A question of merit

THOUGH the Boy Scouts of America have dropped a 78-year-old rule barring women from leadership roles, most scoutmasters are men, a situation unlikely to change. And doubtless some boys - particularly those who may not have a father at home - benefit from having a man as troop leader. But we'd argue that boys can, and do, absorb leadership qualities from women - and girls from men, for that matter. The roles that most need modeling - those long associated with good character and with Scouting - have little to do with gender.

Catherine N. Pollard had it right: ``It's about time they realized anybody can do anything if your character is good.''

After 14 years of challenging the Scouts' policy regarding women, Mrs. Pollard plans to waste no time now in starting a new troop. The BSA, for its part, says it looks forward to receiving her application.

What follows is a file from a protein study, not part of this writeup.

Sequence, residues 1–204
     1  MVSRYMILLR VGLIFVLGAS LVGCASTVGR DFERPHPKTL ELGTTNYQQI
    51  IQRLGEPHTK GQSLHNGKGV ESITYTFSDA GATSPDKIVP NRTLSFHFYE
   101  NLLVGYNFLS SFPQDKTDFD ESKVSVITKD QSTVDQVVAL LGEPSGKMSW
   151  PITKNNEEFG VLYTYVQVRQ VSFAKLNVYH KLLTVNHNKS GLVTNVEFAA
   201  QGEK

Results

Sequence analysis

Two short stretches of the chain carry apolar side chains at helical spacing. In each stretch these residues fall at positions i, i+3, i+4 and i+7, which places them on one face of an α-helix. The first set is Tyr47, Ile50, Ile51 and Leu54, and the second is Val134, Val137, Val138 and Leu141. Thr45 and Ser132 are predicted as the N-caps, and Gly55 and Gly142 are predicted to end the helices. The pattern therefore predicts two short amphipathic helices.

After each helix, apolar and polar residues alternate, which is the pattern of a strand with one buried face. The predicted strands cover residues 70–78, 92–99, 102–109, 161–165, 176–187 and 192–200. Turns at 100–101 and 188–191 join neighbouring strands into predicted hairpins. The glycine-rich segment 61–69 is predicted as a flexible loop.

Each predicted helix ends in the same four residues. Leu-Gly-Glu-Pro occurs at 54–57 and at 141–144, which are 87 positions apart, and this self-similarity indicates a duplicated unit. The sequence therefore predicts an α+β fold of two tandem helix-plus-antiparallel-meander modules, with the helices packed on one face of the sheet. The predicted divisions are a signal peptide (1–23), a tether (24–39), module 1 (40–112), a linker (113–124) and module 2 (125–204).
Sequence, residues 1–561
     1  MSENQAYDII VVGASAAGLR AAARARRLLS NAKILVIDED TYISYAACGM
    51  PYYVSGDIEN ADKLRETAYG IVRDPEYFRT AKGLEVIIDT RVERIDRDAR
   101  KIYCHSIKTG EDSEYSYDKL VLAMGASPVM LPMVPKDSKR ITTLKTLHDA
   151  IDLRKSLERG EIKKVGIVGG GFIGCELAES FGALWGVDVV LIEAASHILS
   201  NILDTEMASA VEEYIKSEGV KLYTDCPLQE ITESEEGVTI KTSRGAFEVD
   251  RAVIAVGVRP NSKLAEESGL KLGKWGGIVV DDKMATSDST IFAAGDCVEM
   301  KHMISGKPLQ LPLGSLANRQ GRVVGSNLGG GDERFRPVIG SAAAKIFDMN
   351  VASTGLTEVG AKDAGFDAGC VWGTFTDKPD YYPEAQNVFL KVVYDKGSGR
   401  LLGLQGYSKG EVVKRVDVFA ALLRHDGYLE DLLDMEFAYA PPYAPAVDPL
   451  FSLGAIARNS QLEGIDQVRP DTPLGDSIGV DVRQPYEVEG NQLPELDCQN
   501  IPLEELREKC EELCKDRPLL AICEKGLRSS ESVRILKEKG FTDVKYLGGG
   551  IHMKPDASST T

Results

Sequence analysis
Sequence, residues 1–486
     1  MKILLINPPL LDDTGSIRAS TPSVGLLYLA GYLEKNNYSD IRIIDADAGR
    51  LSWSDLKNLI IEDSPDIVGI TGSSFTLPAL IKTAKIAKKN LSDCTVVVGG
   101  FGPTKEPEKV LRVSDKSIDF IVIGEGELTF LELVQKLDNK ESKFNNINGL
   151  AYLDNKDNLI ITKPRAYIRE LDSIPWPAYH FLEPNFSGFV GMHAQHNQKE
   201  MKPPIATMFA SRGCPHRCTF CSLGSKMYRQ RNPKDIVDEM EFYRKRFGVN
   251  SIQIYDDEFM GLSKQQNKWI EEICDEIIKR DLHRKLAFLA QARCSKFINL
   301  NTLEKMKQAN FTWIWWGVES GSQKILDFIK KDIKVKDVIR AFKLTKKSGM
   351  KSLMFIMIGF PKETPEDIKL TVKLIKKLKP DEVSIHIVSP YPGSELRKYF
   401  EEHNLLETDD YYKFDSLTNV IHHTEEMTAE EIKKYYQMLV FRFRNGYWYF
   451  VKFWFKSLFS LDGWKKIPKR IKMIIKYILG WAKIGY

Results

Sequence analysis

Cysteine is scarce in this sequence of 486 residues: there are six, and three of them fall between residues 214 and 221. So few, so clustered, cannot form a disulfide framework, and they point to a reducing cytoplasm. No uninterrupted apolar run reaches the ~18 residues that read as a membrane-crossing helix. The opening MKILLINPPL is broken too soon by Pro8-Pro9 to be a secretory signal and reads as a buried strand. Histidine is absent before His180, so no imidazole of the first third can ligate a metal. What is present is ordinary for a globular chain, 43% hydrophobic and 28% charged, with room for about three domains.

From 1971 to 1976 Pollard was stand-in scoutmaster for a Milford, Conn., troop when a male leader wasn't available. The Scouts, at that time, wouldn't OK her application to become permanent leader, and Troop 13 folded its tents.

Last year, a Connecticut court ruled against Pollard. It held that an organization with private membership could set its own criteria for leaders. The basic rule in Scouting, over the years, has been that preteen and teen-age boys need strong male role models. The Cub Scouts, boys younger than 10, have been led primarily by women.

Pollard's challenge raised an inevitable question: Isn't strong leadership - embodying such qualities as decisiveness, integrity, patriotism - just as likely to be found in women as in men?

There's only one right answer to that, we think, and the Scouts' executive board arrived at it last week, declaring the time had come ``to recognize the valuable leadership women can provide.''

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